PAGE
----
May 11, 2020
State legislatures across the country are working out how to conduct the people’s business while also maintaining proper social distancing guidelines. According to the National Conference of State Legislatures, legislative chambers in at least 23 states have introduced or adopted bills or resolutions that change rules or procedures in response to COVID-19. Legislatures in at least 14 states have allowed for remote voting or meetings, with new measures being adopted or proposed almost daily. Lawmakers in Wisconsin were already authorized to hold remote meetings during emergencies under a law passed in 2009. Some state constitutions, such as in Alaska and Oregon, require state legislatures to meet in person, meaning a constitutional amendment would be required for remote voting.
At the local level, counties, cities and other local governments have been meeting remotely, but only after executive orders issued by governors that temporarily suspended certain provisions of open meetings laws. However, in Illinois and other states, open meeting laws do not apply to state legislatures.
At the federal level, the U.S. Senate went back into session last week with social distancing guidelines in place, while the U.S. House of Representatives is following guidance from the Capitol’s attending physician and not yet returning to session.
Not all legislative bodies at the state level have agreed on when or how to return either.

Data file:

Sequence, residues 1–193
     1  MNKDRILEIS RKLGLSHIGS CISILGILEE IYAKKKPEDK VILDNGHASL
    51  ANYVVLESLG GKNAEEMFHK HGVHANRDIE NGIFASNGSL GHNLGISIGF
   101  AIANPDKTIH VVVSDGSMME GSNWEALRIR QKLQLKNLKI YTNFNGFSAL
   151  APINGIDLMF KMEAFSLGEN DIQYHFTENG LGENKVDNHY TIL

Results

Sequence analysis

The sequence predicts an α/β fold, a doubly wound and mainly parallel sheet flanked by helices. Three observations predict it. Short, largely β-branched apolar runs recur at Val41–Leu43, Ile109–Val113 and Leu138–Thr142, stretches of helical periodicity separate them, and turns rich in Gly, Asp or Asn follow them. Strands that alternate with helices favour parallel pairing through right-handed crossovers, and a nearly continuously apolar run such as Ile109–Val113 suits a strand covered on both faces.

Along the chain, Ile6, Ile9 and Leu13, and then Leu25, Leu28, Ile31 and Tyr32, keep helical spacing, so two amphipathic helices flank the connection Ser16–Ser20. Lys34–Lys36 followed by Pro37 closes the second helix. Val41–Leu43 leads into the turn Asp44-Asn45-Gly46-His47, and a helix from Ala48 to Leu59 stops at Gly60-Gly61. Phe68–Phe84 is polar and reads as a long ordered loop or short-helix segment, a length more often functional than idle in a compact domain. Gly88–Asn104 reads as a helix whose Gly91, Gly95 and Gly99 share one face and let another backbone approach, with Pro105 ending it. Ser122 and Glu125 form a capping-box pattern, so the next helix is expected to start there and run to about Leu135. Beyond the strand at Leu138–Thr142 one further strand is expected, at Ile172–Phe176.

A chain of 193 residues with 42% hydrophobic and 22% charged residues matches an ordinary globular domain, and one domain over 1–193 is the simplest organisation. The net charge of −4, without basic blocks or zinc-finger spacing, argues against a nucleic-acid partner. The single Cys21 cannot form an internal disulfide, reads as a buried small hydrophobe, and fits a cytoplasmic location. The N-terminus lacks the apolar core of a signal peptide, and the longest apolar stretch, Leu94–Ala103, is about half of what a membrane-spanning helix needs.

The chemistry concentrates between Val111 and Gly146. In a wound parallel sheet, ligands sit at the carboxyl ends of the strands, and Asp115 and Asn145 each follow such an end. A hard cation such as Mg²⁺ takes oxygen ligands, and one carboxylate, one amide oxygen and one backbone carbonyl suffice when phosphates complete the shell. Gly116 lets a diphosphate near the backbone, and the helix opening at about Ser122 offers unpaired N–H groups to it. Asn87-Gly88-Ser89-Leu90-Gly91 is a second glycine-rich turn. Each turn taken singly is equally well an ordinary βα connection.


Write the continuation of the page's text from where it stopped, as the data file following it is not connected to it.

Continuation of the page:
In California, the State Senate amended its rules to allow for remote participation during emergencies, but the California Assembly has yet to act on measures allowing for remote voting over concerns it may violate the State Constitution.
Lawmakers in New Jersey, Utah and other states acted quickly when they were previously in session to allow for members to hold meetings remotely. While in other states such as Illinois, the House and Senate, which have not met since March 5, 2020, have taken the approach of cancelling session for a number of weeks without first taking steps to allow for remote participation or voting. Illinois’ fiscal year ends May 31st and the General Assembly has yet to pass a budget for the 2021 fiscal year. While the state legislature has created working groups to prioritize legislation, those working groups have not been open to the public.
In Illinois, it has been interpreted that the General Assembly is prevented from meeting remotely due to language in a state law that says “sessions of the General Assembly must be held at the seat of government” unless the Governor convenes session at “some other place” during an emergency, which could be interpreted to mean some other physical location. The Illinois Department of Public Health issued draft guidelines on how the General Assembly could safely meet in person, but legislative leaders have yet to develop a plan on how they will do so, while also protecting the health and safety of their members and staff.
In New York, the State Senate and Assembly both passed resolutions in late March to allow for remote meetings. However, both chambers only met remotely in late March and early April to pass the state budget.
Other state legislatures have found more creative ways to meet while also practicing social distancing, such as lawmakers in Virginia who met under a canopy and in a museum and lawmakers in Arkansas who held session in a college sports complex.
It is time for Illinois’ legislative leaders to follow the lead of New York, New Jersey, Utah and other states and develop a plan that allows for the General Assembly to safely meet and conduct the business of the people in an open and transparent manner.